LIHU‘E — Last March, the state Department of Health took over the Adolescent Treatment and Healing Center as a COVID-19 isolation facility, then the county canceled a service-provider’s contract, and the focus of the building’s use shifted.
The topic of the ATHC will be on the Kaua‘i County Council’s agenda Wednesday, but during an executive session, which is closed to the public.
Councilmembers KipuKai Kuali‘i and Bernard Carvalho Jr. requested the briefing from members of the administration and the Office of the County Attorney, “out of a deep concern for our ATHC returning to its original, intended purpose as agreed to with the land donor, the community, the state and other partners,” Kuali‘i said in a statement Thursday.
“Since we haven’t yet received an update on the status of the Adolescent Treatment and Healing Center in this new term, Councilmember Carvalho and I requested this briefing from members of the administration and Office of the County Attorney,” Kuali‘i explained.
“Though we are aware of its current use as a COVID-19-isolation facility, it’s our hope to gain a better understanding of the details involved in what will hopefully be a transition back to its intended use as an ATHC,” Kuali‘i said.
The integrated treatment and healing center was a priority for the late Mayor Bryan Baptiste and then-mayor Carvalho’s administration. The center’s initial purpose was to provide long-term care and outpatient treatment for adolescents with mental-health or substance-abuse disorders.
“The whole purpose of the center is to heal the troubled youth with the land and heal at home with their family,” Carvalho said. The county does not have an on-island facility of this nature and, often, youth must seek treatment off-island, sometimes on the mainland.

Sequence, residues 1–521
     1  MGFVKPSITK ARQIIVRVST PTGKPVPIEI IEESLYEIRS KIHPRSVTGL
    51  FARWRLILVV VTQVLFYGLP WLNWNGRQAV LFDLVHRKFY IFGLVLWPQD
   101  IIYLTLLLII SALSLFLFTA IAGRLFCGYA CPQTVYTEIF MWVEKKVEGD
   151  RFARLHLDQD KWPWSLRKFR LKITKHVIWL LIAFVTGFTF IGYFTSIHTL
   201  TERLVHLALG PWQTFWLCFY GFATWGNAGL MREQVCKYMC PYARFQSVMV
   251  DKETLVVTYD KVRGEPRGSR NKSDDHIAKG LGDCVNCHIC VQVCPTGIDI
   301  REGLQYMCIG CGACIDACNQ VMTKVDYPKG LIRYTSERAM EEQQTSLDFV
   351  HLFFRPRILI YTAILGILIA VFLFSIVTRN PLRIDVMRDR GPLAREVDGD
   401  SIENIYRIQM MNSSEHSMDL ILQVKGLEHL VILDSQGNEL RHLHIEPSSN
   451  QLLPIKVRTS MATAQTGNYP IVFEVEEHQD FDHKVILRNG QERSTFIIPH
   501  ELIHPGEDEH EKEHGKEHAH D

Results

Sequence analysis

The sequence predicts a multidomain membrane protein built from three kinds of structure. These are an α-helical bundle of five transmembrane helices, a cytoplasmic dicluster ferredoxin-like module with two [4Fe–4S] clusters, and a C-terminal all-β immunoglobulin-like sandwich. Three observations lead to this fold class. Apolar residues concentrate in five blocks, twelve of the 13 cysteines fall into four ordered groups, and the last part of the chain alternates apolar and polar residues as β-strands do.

Carvalho said he and Kuali‘i have met with various county departments to discuss the center. The executive session, Carvalho said, is to lay out a few different options on the table with the full council that have the support of nonprofits and community stakeholders he could not name.
“We’re trying to get (everything) clarified. The executive session will place everything on the table,” Carvalho said. “The health and wellness of our community is so important. We believe we can move forward with the Adolescent Treatment and Healing Center.”
How we got here
In 2018, the county broke ground on a 5.8-acre plot from Grove Farm in Kapaia to be the first on-island facility of its kind in over two decades, to replace an adolescent treatment facility that was destroyed by Hurricane ‘Iniki in 1992. In October 2019, the county awarded the contract for services to Hope Treatment Services, an O‘ahu-based, mental-health-care provider.
The county claimed that from mid-January to February 2020, there seemed to be little progress toward opening the center from Hope Treatment, which the provider refuted. In March, the facility was commandeered for pandemic use as a potential place to quarantine or isolate individuals.
The same day Hope Treatment asked when it could come back to continue, the county canceled the contract.
Friday, Stanley Perpignan of Hope Treatment said he has reached out to the county, offering to return, but has not heard back.
“Whenever the county wants, we’re willing to finish the process we started,” Perpignan said.
These contract issues occurred while the county had moved operational control of the ATHC from the County Housing Agency to the Office of the Prosecuting Attorney “to align juvenile-justice opportunities with diversion emphasis,” Mayor Derek Kawakami wrote in the May 7, 2020 supplemental budget memo to the council.
However, since the facility is still being held as a quarantine zone, Prosecuting Attorney Justin Kollar said his office has not been able to have access to the site. It’s been frustrating, Kollar said, but the goal to get the facility open to help at-risk youth is still there.
Part of what caused community uproar was the shift in focus and lack of commitment to the original purpose of the center, which was to house on-island youth, Carvalho noted.
County Managing Director Michael Dahilig said that, at this time, “The Adolescent Treatment and Healing Center serves as a crucial tool in the fight against COVID-19 and keeping our island safe, mainly as an isolation facility for those who contracted COVID-19.”
However, the administration remains “committed to seeing through the center’s original intent to assist Kaua‘i youth with drug issues, and we will work with our prosecutor’s office to see that end achieved.”
The Kaua‘i County Council will meet Wednesday, March 10 at 8:30 a.m.